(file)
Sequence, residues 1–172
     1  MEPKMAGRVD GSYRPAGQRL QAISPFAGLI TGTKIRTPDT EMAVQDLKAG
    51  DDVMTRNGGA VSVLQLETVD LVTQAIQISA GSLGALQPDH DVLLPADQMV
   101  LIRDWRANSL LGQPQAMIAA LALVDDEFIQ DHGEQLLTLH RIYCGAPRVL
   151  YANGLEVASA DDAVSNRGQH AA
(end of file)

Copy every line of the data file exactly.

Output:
Sequence, residues 1–172
     1  MEPKMAGRVD GSYRPAGQRL QAISPFAGLI TGTKIRTPDT EMAVQDLKAG
    51  DDVMTRNGGA VSVLQLETVD LVTQAIQISA GSLGALQPDH DVLLPADQMV
   101  LIRDWRANSL LGQPQAMIAA LALVDDEFIQ DHGEQLLTLH RIYCGAPRVL
   151  YANGLEVASA DDAVSNRGQH AA